How To Serve An Initial Eviction Notice In California

Typically, the first step in the eviction process is to “serve” a 3-day, 30-day, or 60-day notice on the tenant. The terms “serve” and “service” refer to procedures required by the law that are designed to increase the likelihood that the person to whom notice is given actually receives the notice. There are different ways that landlords may serve a California eviction notice. Here is a brief overview of acceptable methods of service.

Personal Delivery

The initial notice is properly served if it is delivered in person to the tenant. This can be done by the landlord, the landlord’s agent, a process server, sheriff, or anyone at least 18 years old. The person serving the eviction notice must physically hand the notice to the tenant or leave it with the tenant if he refuses to take it. Service is deemed complete and effective at the time of delivery of the notice. The notice period begins to run the day after service is complete.

Substituted Service

If the tenant is not at home or work, the landlord can use “substituted service” instead of personal service. Under this method the notice can be left with a person of “suitable age and discretion” at the tenant’s home or work. A person of suitable age and discretion normally would be an adult at the home or workplace, or a teenage member of the household.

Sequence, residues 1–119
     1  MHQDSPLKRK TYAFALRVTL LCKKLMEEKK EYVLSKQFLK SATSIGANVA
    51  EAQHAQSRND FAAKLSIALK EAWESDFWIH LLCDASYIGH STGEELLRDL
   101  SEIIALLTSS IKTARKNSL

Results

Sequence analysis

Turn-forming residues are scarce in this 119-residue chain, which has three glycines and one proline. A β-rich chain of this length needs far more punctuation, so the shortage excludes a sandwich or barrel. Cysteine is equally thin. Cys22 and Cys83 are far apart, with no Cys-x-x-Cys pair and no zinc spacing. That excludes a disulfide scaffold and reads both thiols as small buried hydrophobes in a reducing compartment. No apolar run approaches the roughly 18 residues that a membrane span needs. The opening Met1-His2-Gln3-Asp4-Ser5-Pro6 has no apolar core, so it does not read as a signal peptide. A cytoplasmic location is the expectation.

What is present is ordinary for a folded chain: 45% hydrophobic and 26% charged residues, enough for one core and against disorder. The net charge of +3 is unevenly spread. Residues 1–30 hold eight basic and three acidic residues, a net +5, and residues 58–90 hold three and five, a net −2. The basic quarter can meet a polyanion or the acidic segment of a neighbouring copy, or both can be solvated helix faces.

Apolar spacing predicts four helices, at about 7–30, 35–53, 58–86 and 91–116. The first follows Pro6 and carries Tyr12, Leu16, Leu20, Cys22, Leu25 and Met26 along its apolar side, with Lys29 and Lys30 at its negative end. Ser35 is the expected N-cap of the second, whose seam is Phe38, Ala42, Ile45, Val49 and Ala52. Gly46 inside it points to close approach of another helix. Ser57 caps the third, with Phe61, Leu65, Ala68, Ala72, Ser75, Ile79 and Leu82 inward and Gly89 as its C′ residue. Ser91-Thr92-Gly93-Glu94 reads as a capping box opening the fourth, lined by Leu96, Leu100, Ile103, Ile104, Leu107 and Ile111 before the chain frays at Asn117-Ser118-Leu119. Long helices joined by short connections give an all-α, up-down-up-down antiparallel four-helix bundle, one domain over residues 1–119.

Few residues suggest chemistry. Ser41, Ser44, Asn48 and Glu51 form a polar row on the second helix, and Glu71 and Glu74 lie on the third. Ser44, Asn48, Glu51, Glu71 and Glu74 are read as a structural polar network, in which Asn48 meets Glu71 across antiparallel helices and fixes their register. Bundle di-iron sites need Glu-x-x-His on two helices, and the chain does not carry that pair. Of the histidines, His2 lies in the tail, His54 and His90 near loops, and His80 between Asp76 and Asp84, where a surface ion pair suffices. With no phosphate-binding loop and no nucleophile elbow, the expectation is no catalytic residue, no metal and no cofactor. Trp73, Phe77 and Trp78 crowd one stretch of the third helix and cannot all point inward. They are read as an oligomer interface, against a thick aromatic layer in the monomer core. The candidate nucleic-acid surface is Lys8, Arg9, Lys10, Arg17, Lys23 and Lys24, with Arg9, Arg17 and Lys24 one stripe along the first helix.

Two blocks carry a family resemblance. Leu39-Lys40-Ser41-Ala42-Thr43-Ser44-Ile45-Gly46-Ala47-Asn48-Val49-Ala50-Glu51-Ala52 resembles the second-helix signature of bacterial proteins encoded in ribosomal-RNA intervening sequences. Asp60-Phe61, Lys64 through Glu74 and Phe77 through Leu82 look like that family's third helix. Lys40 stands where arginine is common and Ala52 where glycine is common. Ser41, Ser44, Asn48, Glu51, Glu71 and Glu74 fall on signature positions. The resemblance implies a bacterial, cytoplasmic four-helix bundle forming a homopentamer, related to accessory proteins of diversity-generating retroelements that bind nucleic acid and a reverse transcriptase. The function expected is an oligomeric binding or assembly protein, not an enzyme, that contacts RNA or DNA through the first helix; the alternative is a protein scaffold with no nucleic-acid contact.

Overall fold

Posting and Mailing

If the landlord cannot effectuate service by either of the above methods, the notice can be served by affixing a copy of it to the rental unit in a conspicuous place (such as the front door of the rental unit) and by mailing another copy to the tenant at the rental unit’s address. This service method is known as “posting and mailing” or “nailing and mailing.” Service of the notice is not complete until the copy of the notice has been mailed. The 3-day period begins the day after the notice was posted and mailed.

Rebuttable Presumption Of Proper Service By Registered Process Server

If service occurs by a licensed process server, his or her declaration of service creates a rebuttable presumption that service was properly effectuated. This means that service is presumed by the court to be valid. To overcome this presumption, the tenant must come forward with affirmative evidence that he or she was never served with the notice.

Please contact Lynx Legal if you have any questions regarding the above, or if you would like further information on our services. We can be reached at 888-441-2355 or info@lynxlegal.com. Our experienced professionals are standing by to answer any inquiries you may have.

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